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Waste pilot scheme at University of Southampton to reduce urban plastic pollution

The Environment Agency has lead on a project to trial new and innovative recycling interventions at the University of Southampton’s Highfield Campus.

The aim is to reduce plastic pollution from urban catchments through positive behaviour change. The overall objective is to understand the best way to improve recycling behaviours through correct waste sorting, reduce contamination and maximise recycling rates.

It has worked with the Universities of Southampton and Plymouth and the waste management company Suez to achieve this.

The trial

Before deciding on the interventions to be trialled, initial research was carried out into the challenges associated with recycling and waste infrastructure and the success of interventions implemented previously.

Previous studies have found that convenience and proximity of bins is more important than the number of bins available (Schultz et al., 2013). For example, a study for Clean Up Britain concluded that litter bins need to be available, accessible, and visible (Kolodko et al., 2016)

Highfield Campus was selected as the trial location as it replicates an urban setting, with ahigh footfall and use of on-the-go food and drink packaging.

The University of Southampton is close to the coast heightening the likelihood of litter reaching the sea via watercourses. This increases the potential impact of the interventions.

New types of bins to capture specific plastic materials were installed along with explanatory signage at different locations on campus.

Signage was also changed on some existing recycling bins. The innovations targeted on-the-go disposal and recycling of waste.

The trial took place at 3 highly used locations on campus:

  • At the control location (Hartfield Library), no changes were made to bins or signage.
  • At the second location (by the Students’ Union), a large plastic bottle shaped bin to collect plastic bottles was installed with specially designed signage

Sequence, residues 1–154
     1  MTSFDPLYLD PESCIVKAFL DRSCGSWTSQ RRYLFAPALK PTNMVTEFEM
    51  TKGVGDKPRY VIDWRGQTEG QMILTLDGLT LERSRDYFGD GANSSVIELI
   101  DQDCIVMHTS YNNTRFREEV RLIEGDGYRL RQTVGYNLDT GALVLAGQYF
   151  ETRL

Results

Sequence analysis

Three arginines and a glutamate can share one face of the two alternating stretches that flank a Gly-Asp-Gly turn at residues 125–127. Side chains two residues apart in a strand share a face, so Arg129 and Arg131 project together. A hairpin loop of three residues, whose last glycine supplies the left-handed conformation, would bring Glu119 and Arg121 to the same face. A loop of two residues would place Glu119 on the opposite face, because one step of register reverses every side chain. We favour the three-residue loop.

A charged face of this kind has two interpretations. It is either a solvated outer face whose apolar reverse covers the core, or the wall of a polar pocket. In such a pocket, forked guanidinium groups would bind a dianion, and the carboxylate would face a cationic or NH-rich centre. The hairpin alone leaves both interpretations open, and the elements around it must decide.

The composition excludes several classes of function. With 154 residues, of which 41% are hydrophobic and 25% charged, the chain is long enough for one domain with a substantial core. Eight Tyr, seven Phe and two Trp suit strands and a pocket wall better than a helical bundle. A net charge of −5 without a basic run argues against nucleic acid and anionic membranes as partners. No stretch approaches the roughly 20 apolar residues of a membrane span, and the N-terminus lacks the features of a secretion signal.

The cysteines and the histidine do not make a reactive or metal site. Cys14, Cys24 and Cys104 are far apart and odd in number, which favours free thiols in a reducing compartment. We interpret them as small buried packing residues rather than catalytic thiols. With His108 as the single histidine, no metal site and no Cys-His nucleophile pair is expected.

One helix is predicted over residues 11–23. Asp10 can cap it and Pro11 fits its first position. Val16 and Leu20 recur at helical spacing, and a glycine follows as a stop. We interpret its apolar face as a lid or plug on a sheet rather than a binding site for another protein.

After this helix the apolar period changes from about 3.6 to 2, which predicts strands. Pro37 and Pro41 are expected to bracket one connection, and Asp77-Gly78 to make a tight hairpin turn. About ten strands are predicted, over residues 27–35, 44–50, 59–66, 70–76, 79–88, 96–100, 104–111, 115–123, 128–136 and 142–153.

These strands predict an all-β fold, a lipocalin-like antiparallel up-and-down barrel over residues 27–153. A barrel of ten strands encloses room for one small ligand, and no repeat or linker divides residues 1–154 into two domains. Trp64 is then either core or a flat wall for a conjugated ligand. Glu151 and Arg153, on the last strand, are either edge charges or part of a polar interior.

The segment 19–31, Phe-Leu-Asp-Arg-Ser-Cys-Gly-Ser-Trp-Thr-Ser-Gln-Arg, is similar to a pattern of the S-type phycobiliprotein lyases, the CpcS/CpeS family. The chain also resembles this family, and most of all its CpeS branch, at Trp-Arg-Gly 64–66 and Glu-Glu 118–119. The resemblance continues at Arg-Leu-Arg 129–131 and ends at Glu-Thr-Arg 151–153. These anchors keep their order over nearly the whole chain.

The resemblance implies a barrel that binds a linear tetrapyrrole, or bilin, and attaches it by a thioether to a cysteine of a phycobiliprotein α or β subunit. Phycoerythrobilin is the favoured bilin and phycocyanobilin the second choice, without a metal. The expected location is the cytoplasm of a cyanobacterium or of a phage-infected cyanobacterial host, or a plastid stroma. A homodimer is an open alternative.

The aperture (bin opening) was a round shape and size for the target plastic bottles.

The signage used the WRAP (Waste Resources Action Programme) standard colour scheme and had pictures of the target recyclables to be inclusive to all. The signage also included pictures of local wildlife with the text ‘Correct waste sorting helps protect our wildlife’.

  • At the final location (by the bus interchange and next to a coffee outlet), a coffee cup shaped bin with separate openings for liquid, lids and cups was installed. This also included the specially designed signage.

In addition, a plastics only (pots, tubs and trays) bin was installed next to existing bins, also with associated signage.

To evaluate the success of the trial, a research project was created for a master’s student at the university. The research project involved daily weighing of the waste by the estates and facilities teams on campus and weekly waste composition analysis by the master’s student, over a 6-week period from 4 March to 19 August 2022.

This was undertaken to see there was an increase in the mass of waste collected and a reduction in the contamination rate indicating that waste type sorting had improved.

In addition, pre and post intervention attitudinal surveys were carried out by the Environment Agency to understand if there had been a change in attitude and behaviour towards recycling behaviours and waste sorting as a result of the trial.

Key Findings:

1. The bottle shaped bin was the most effective at capturing target materials (plastic bottles) at a rate of 88%
2. Bin shape and apertures were more effective at reducing contamination than changes to signage.
3. Convenience of bins contributed to success

You can find out more about this scheme in this film:

You can download the full report and findings from the link below.



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Download the report


Download the poster